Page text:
40 years ago, Don Haskins went on the recruiting trail to find the best talent in the land, black or white. 7 blacks and 5 whites made up the legendary 1965-66 Texas Western Miners. They were mocked and ridiculed for their showboating and flaunting of black players on the court. Yet, in the face of seemingly insurmountable odds, Haskins and his Miners came together as a team united to reach the National Championship game against powerhouse Kentucky. Written by
During the championship game against Kentucky, #44 hurts himself
and must leave the game. A few minutes later he is announced as out for the game with the leg injury, but he is seen in several shots in the second half as being on the court and playing. See more »
[after a pass is stolen by Bobby Joe Hill]
[to Pat Riley]
That's what happens when you don't talk to each other!
See more »
During the credits, an inset shows several of the actual people involved (Don Haskins, David Lattin, Pat Riley, Orsten Artis, Willie Worsley, Harry Flournoy, and Nevil Shed) commenting about the championship game and its implications. Video of that game is also shown. See more »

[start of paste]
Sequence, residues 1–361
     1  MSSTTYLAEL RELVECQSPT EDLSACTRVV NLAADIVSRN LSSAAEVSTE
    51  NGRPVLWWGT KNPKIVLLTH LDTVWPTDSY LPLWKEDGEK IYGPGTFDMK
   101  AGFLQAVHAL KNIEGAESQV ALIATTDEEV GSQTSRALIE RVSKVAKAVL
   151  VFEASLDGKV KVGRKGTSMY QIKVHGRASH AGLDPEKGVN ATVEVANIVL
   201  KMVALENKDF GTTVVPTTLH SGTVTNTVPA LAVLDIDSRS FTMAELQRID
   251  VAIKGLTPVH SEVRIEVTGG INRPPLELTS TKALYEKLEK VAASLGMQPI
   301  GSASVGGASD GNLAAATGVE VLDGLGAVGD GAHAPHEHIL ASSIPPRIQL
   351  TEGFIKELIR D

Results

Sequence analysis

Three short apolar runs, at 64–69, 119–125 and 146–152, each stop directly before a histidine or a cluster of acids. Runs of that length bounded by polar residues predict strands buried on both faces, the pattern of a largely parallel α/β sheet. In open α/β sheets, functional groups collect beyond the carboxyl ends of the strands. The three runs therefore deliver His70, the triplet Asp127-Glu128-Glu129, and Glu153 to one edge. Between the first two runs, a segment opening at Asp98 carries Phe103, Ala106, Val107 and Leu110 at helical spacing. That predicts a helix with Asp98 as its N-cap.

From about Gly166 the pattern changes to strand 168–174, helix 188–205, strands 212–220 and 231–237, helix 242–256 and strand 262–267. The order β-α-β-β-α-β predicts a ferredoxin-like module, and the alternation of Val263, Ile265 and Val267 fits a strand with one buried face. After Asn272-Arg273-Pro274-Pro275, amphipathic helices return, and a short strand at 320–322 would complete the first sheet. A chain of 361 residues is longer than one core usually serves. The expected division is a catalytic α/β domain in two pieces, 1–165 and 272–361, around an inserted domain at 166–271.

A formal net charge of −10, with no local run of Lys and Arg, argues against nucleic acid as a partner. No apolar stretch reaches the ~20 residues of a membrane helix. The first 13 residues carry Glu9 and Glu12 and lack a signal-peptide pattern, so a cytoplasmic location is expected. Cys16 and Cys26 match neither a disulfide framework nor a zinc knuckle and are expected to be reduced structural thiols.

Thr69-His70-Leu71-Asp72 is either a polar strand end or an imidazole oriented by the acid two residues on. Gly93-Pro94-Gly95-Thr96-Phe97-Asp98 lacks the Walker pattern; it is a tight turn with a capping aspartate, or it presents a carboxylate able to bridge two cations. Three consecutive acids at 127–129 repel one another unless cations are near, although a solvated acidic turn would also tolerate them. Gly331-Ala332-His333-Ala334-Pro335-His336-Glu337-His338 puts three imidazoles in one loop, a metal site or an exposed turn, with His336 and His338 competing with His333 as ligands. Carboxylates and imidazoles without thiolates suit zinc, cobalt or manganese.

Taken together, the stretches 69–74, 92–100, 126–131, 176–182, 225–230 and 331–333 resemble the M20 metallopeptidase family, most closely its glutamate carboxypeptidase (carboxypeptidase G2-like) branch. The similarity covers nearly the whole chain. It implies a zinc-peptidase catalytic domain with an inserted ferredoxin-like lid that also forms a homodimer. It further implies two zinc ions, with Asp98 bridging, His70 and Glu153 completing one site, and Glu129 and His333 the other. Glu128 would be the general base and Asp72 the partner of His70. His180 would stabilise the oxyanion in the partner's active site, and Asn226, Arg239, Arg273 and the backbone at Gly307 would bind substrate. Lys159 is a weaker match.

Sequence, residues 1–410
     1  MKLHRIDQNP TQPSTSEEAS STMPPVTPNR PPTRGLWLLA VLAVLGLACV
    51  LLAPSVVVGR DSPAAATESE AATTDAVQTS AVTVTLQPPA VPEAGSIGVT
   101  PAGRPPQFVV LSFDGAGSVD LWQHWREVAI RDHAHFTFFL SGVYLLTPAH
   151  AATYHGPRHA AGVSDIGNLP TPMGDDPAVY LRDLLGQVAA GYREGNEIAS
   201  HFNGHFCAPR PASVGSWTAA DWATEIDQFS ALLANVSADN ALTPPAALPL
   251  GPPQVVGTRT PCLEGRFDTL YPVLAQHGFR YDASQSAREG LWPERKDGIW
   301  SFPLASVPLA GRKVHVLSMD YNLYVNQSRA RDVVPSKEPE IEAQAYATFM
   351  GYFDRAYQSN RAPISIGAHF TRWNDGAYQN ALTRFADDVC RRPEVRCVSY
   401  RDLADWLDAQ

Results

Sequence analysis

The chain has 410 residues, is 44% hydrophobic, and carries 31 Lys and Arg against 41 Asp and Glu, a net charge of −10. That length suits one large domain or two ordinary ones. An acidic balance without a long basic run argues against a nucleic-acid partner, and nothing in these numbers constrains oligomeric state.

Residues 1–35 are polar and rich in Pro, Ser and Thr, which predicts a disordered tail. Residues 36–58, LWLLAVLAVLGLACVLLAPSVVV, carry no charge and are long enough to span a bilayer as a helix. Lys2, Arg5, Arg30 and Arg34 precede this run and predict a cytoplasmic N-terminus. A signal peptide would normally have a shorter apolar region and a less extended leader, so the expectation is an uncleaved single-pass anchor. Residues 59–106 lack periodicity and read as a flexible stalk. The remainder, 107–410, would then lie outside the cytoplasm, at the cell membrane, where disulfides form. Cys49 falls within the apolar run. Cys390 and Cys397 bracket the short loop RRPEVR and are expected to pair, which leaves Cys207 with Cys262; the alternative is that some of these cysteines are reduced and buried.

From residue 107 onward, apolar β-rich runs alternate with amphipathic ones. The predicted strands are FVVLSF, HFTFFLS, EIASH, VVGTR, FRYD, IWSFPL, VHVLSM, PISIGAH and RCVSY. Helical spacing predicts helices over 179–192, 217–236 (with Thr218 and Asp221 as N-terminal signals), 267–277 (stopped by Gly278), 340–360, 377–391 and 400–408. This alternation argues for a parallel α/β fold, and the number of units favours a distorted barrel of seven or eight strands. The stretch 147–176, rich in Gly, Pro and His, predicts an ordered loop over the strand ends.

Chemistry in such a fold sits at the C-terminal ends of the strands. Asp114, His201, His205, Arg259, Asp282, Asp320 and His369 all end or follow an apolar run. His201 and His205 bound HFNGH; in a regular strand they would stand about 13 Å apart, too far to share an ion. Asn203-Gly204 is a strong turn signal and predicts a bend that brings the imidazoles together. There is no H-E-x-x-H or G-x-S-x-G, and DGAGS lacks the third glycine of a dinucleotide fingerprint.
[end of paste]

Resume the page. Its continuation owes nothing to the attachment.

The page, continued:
Left out some important facts to boost the hype, but decent movie
First off, it was just too similar to remember the titans, but I liked that movie two. The only thing that bothered me about this movie was that removal of some important facts.
Texas Western had three Black Players on the team already, upon Don Haskin's Arrival. Don Haskin's wasn't the sole person leading a movement to recruit black players. In their conference, they played many teams with black players.
Loyola-Chicago, while not fielding 5 black starters, fielded four of them and won the championship in 1963. So even though Texas Western was the first team to win with all black starters, other primarily black teams have won prior.
At the end of the movie, they talk about how people felt black players could never be as good as white players. Even as the movie shows, the all-American player they went against (I believe he was from University of Texas) was Black. The NCAA recognized that player as one of the best players in the sport.
Again, it was a good movie, but I felt a little let down that they manipulated the story a tad for the sake of entertainment.
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